The United Nations' Food and Agriculture Organization (FAO) said Tuesday that it expected world wheat production in 2014 to record 702 million tons, two million tons below the organization's March estimates.
"The quantity of produced wheat is 2 percent less than last year's," according to the FAO.
Macroeconomic analyst with the Ministry of International Cooperation Hady Ageena said that the decline in wheat production and its rising prices will affect Egypt significantly as it is the largest importer of wheat in the world. He added that Egypt imports large quantities of wheat for flour used in making subsidized bread.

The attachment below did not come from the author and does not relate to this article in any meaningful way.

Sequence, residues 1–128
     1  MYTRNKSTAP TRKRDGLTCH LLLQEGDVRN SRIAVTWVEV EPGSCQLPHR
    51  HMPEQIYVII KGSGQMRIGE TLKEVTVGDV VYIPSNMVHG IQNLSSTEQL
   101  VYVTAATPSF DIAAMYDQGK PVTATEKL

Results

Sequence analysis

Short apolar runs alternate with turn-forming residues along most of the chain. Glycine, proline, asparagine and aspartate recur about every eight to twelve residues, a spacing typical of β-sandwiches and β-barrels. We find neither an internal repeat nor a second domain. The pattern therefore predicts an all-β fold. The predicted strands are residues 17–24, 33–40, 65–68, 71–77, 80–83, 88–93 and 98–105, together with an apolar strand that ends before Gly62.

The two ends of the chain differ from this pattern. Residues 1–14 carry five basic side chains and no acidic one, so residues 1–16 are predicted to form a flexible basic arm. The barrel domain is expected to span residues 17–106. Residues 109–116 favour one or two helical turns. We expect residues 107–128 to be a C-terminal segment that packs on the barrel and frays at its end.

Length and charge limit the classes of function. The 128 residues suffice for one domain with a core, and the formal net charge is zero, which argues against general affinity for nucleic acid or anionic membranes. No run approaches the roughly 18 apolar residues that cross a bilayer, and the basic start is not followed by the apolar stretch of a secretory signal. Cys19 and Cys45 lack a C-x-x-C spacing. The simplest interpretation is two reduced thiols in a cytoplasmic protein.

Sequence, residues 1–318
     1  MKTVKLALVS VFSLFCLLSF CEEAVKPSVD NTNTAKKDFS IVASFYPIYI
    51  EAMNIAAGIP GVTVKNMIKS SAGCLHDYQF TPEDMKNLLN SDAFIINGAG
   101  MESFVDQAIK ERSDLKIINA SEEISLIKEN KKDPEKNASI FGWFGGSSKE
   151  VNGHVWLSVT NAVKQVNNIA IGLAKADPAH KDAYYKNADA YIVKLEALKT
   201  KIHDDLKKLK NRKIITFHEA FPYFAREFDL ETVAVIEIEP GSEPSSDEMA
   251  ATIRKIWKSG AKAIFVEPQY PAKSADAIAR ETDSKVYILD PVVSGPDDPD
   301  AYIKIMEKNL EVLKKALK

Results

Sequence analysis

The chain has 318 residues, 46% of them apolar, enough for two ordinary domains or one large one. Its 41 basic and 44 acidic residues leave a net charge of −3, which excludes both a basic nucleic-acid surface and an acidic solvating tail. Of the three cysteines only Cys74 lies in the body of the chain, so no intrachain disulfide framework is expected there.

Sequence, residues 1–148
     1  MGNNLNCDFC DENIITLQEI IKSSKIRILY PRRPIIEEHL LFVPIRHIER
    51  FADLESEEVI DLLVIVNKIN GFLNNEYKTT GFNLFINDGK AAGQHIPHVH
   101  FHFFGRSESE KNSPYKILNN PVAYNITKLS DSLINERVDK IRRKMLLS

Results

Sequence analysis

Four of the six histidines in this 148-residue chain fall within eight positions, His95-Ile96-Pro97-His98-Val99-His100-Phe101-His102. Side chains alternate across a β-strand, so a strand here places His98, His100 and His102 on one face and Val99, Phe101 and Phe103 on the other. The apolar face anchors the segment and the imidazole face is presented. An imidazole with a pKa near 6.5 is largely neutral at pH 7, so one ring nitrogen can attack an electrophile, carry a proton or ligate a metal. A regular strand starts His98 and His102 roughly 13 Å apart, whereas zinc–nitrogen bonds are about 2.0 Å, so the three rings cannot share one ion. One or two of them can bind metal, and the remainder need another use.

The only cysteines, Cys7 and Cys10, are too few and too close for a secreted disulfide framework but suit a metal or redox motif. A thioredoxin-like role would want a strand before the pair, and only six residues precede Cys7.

According to the FAO indexes, food prices rose sharply in March by 4.8 points or 2.3 percent to an average of 212.8, the highest level since May 2013.
FAO chief economist Abdel Reda Abaseyan said that such rates were expected due to the unfavorable weather conditions in both the United States and Brazil and as a result of geopolitical tensions in the Black Sea region.
The government and private sector in Egypt import approximately 10 million tons of wheat a year. The government uses a mixture of domestic and imported wheat to produce subsidized bread, which costs about 21 billion annually.